Oregon Department of Human Services – OSU Collaborative
FLOW Lab Members: Dr. Chandler and Kara McElvaine
OSU Collaborator: Dr. Brianne Kothari (OSU-Cascades)
We partner with ODHS’s Office of Reporting, Research, Analytics and Implementation and Office of Equity and Multicultural Services to provide external research support on a variety of projects. Current work includes the following:
- analysis of data from listening sessions conducted with employees across the state discussing a workplace culture intervention called RiSE
- investigation into predictors of employee retention
- how the COVID-19 pandemic has affected Oregon’s child welfare workforce
Rural Families Speak about Health/Resilience
FLOW Lab Members: Dr. Chandler (Co-PI for Oregon)
Funder: National Institute of Food and Agriculture
This is an Agricultural Experiment Station Hatch Project focused on the interconnections of individual, family, and community factors of rural, low-income families across the U.S. on their health and well-being. This multistate collaborative project has existed for more than 20 years and has made large contributions to understanding the challenges and resilience of rural, low-income families.
Task Force on Access to Quality Affordable Child Care study – Study C
FLOW Lab Members: Dr. Chandler (Co-I)
Funder: Oregon Department of Education, Early Learning Division
PI: Dr. Megan Pratt
This study is in response to Oregon House Bill 2346, which declares child care is in a state of emergency. The aim of Study C is to investigate barriers to accessing existing childcare subsidies in Oregon. Toward this aim, we are taking a qualitative approach to learn perspectives of three different groups with current and/or past experience with subsidy, including DHS Staff members, child care providers, and families.
Character and Thriving among Kenyan Youth: A Novel Measure for Use with Street children and Youth Enrolled in Schools
FLOW Lab Members: Dr. Chandler (Qualitative consultant)
Funder: Templeton World Foundation (USCERA #135800-19-51436)
PIs: Dr. Kennedy Onyiko (Maasai Mara University) and Dr. John Geldhof (Oregon State University)
The aim of this study is to develop a measure of character for Kenyan youth who live and are educated in a range of contexts, including rural schools, urban schools, and children who are homeless (i.e., “street children”). The study involves an exploratory sequential mixed methods design: (1) semi-structured interviews with Kenyan youth and adults to (2) create a new Swahili-language measure of character strengths to test with 450 youth. With the assistance of Jey Blodgett, Dr. Chandler serves as the qualitative research consultant on this project, from interview guide development through analysis. See Templeton World Charity Foundation for more details.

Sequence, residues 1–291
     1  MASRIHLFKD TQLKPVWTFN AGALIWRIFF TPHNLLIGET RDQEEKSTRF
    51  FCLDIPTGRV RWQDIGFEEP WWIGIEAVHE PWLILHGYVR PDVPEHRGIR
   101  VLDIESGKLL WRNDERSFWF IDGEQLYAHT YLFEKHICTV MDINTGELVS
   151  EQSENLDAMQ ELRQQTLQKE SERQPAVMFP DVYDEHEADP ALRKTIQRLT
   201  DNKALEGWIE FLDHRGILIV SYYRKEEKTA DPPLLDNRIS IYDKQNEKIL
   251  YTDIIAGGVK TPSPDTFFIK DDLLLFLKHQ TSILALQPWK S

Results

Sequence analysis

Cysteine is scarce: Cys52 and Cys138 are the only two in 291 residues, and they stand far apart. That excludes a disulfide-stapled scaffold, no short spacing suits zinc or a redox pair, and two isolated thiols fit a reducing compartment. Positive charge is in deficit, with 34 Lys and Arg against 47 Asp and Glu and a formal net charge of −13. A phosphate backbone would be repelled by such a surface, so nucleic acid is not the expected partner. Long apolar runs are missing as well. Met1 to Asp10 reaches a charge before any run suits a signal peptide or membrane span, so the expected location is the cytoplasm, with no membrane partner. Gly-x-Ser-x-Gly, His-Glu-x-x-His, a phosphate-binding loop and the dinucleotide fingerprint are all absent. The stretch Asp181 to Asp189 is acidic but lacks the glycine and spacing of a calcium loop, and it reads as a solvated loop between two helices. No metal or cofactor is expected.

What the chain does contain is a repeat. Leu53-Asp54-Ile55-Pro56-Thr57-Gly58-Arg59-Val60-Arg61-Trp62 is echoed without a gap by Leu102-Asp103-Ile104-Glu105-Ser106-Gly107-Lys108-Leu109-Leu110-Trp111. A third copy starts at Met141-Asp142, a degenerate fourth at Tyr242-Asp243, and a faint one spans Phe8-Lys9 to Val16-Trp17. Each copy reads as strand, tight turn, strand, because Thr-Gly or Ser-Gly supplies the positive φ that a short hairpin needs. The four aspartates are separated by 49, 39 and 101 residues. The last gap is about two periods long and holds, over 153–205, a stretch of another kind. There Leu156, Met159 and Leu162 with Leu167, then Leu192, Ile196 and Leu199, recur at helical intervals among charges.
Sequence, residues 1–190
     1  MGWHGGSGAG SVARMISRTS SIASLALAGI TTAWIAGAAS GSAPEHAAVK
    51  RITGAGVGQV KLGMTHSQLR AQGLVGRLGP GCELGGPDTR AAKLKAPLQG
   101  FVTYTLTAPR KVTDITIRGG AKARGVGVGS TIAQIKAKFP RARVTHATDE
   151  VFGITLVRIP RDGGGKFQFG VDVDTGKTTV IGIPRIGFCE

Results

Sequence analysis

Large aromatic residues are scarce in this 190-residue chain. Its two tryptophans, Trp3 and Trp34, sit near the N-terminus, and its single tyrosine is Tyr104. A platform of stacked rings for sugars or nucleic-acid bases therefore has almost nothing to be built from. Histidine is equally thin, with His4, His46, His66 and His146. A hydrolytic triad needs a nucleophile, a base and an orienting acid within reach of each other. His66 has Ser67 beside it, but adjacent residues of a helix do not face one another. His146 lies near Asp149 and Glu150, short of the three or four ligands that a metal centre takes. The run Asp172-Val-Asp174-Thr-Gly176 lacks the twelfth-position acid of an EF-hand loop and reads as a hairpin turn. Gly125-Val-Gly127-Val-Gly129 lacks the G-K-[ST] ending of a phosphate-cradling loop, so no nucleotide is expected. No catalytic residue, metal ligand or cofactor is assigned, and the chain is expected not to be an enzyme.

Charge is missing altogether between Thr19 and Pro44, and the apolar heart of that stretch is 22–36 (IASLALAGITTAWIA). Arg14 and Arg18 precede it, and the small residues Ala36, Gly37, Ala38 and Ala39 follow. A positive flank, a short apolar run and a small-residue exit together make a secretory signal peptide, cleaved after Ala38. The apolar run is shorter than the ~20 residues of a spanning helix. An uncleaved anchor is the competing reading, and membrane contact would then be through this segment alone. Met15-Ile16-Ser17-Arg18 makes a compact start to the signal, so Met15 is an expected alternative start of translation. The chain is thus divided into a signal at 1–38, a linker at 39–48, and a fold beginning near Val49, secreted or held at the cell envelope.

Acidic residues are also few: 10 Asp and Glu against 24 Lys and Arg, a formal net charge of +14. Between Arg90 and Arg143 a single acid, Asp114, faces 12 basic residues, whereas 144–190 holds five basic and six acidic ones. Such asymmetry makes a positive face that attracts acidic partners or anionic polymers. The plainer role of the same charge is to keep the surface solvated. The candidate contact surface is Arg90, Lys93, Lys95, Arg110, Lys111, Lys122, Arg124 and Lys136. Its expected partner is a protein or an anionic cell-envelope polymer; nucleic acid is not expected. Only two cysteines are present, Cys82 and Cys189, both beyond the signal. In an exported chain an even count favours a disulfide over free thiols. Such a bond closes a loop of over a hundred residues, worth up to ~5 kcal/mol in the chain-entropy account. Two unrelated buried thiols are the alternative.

Exploring Family Dynamics in a Core Family Leisure Context
The aim of this study is to examine family dynamics within a core family leisure experience and how these dynamics influence satisfaction with the leisure experience. This study uses an innovative method for family research: Each family member wore a Sociometric badge to capture data on communication patterns and physical proximity during the leisure activity. The badge data are coupled with video data to code family interaction patterns and surveys.
Validating Ecological Momentary Assessments of Family Time in Working Families
FLOW Lab Members: Dr. Chandler (Co-PI) and Kara McElvaine
Funder: University of Utah, College of Health Research Pilot Grant
PIs: Dr. Camilla Hodge and Dr. Chandler
There is a critical need to better measure family time at a family system level among working families to illuminate what aspects of family time are most critical for promoting adolescent health and well-being. Therefore, the aim of this pilot study is to validate using ecological momentary assessments (EMA) to examine proximal processes (e.g., social, physiological, affective, and cognitive) occurring in families during shared family time and associations with adolescent health and well-being.
Work, Family, & Health Study
The Work, Family, & Health Study (WFHS) was conducted by an interdisciplinary team of researchers known as the Work, Family, & Health Network. The WFHS was a multi-site, randomized, controlled trial of an intervention to change work, reduce work-family conflict, and improve the well-being of organizations, employees, and their families. Dr. Chandler was the Project Manager and a co-investigator for the daily diary evaluation component of the intervention. The goal was to use daily telephone interviews with employees and their adolescent across eight days to investigate whether the intervention affect daily family life and individual well-being.